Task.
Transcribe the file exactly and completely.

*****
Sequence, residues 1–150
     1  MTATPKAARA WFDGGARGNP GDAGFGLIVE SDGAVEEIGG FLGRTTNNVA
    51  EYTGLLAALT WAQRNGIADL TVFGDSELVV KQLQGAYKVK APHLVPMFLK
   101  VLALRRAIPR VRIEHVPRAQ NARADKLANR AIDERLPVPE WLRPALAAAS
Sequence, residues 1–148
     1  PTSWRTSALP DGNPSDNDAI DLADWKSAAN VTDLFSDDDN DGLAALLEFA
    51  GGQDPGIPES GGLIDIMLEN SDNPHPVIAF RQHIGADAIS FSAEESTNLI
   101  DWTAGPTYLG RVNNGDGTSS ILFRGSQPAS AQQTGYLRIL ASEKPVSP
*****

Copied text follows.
Sequence, residues 1–150
     1  MTATPKAARA WFDGGARGNP GDAGFGLIVE SDGAVEEIGG FLGRTTNNVA
    51  EYTGLLAALT WAQRNGIADL TVFGDSELVV KQLQGAYKVK APHLVPMFLK
   101  VLALRRAIPR VRIEHVPRAQ NARADKLANR AIDERLPVPE WLRPALAAAS
Sequence, residues 1–148
     1  PTSWRTSALP DGNPSDNDAI DLADWKSAAN VTDLFSDDDN DGLAALLEFA
    51  GGQDPGIPES GGLIDIMLEN SDNPHPVIAF RQHIGADAIS FSAEESTNLI
   101  DWTAGPTYLG RVNNGDGTSS ILFRGSQPAS AQQTGYLRIL ASEKPVSP